The Scariest Classic Doctor Who Episodes To Watch This Halloween
By Jesse Baker
The original 1963–1989 Doctor Who series was both a landmark sci-fi television series, and one that created a new standard of horror for TV audiences. At it’s creative peak during the Tom Baker years, the show was attacked by censors and moral busybodies for being too violent and scary for kids. The horror fueled tone of the series traumatized a generation of kids and coined the phrase “watching behind the couch”; a term used to describe 1970s kids in Britain watching the show from behind the living room couch and ducking down during the scary parts. In the spirit of Halloween, I offer a list of essential stories from the classic series, suitable for Halloween viewing.
The Green Death (Season 10): Probably the most nightmare fuel filled Doctor Who serial ever made, even factoring in the modern relaunch of the franchise. The Third Doctor and companion Jo Grant face off against a corrupt company (run by an evil super computer) that is using toxic chemicals to create an army of giant man-eating maggots to take over the world. With some of the best special effects in the classic era, the producers manage to pull off the serial’s giant maggots with disturbing levels of realism, making for one of the most stomach wrenching, scariest stories of the franchise.
The Horror of Fang Rock (Season 15): One of the most bloodiest stories from the Fourth Doctor/Tom Baker era of the show, “The Horror of Fang Rock” is often held up as the zenith point of the show’s “Gothic” period. The Fourth Doctor and his new companion Leela end up at a Victorian era lighthouse where they take shelter during a storm. Waiting out the storm with them are a bunch of shipwrecked wealthy types embroiled in their own intrigues, when one by one people start dying violently. The Doctor and Leela fail to stop the monstrous killer from claiming the lives of everyone around them, adding to the tension as the usually unflappable Doctor faces a creature one step ahead of him in gruesome game of cat and mouse.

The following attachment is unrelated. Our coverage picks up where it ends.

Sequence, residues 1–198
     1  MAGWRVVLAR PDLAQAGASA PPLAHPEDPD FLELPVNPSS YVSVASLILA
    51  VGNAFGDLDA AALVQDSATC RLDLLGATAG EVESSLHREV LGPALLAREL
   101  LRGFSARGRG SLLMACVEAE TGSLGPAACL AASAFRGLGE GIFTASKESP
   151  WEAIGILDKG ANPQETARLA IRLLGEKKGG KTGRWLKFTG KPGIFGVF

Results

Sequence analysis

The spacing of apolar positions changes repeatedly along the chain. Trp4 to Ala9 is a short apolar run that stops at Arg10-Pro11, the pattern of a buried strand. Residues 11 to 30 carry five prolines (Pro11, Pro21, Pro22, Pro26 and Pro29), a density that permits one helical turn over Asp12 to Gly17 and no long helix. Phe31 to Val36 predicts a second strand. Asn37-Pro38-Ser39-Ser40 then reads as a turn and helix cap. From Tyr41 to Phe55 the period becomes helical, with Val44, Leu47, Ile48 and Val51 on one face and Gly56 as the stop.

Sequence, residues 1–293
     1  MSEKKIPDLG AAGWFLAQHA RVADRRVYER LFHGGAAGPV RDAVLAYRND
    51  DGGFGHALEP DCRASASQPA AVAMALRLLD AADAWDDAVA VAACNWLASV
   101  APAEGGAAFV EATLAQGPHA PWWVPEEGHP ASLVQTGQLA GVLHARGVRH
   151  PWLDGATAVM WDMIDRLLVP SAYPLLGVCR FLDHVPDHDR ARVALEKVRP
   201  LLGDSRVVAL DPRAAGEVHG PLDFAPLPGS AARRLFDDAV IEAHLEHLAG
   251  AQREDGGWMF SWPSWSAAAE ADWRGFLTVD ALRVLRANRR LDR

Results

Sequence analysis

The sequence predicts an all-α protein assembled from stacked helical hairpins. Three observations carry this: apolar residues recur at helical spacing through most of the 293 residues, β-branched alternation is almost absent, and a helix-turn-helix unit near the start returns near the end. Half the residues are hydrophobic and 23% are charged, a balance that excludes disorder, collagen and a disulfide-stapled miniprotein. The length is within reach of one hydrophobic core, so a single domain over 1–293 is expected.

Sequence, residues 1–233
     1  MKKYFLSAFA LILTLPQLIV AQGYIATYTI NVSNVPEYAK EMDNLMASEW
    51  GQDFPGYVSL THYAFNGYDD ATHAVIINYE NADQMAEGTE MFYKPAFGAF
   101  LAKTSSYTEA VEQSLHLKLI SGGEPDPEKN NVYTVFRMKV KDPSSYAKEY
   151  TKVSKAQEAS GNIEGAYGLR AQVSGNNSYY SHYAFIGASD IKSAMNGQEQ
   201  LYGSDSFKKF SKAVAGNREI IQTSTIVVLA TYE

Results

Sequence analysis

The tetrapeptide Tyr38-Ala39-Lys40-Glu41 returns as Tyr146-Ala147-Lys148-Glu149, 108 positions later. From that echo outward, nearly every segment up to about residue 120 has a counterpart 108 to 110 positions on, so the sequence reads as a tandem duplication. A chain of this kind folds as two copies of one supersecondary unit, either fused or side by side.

Kinda (Season 19): With a serialized format that often saw stories run 4–6 thirty minute episodes, classic Doctor Who often has had a pacing issue problem. But the slow burn approach pays off mightily with “Kinda”; a Fifth Doctor adventure that is one of the few classic Doctor Who stories to have a direct sequel made of it. In “Kinda”, Fifth Doctor Teagan is possessed by a malevolent psychic entity and the Doctor must perform a psychic exorcism to liberate his companion. The pay-off is when we finally see the physical form of the entity plaguing poor Teagan following it being purged from Teagan’s mind. A monstrous snake brought to life by way of animatronics and puppetry, which led to many a nightmare for many a child watching at home.
Curse of Fenric (Season 26): The second to last Classic Doctor Who story to run on TV, serves as Seventh Doctor Sylvester McCoy’s best work as the Seventh Doctor. A trip to a British military base during the Second World War, brings various subplots of the series under the Seventh Doctor to a head as an ancient evil seeks to free itself. The Doctor and Ace face a final round of a deadly chess game the Doctor started centuries ago, against a cosmic horror from before the dawn of time. With it’s army of vampires and a deadly nerve toxin being worked on by the British military, Fenric seeks to bring about the end of all humanity. The threat of Fenric, the unstoppable nature of his vampiric horde, and the sight of the normally unflappable Seventh Doctor terrified make this one of the most tense, truly apocalyptic horror themed serials of the original incarnation of the series.
The Tomb of the Cybermen (Season 5): One of the most famous classic serials of the series, “The Tomb of The Cybermen” was thought lost forever until the complete serial was found in the early 1990s. Long considered a lost classic, the series was one of the show’s first dabbling into horror: recasting the ancient mummy story tropes into a haunting, tension filled Cyberman story. The Second Doctor and companions Jamie and Victoria find themselves on an artic planet where an expedition team of scientists seek out the legendary tomb of the monstrous Cybermen. While helping the expedition team out, circumnavigating the deadly traps left to protect the sleeping machine men, several of the expedition team secretly seek to wake the Cybermen as part of a plan to conquer Earth. The scene where the Cybermen awake from their suspended animation pods is one of the most scary moments of the black and white era of Doctor Who.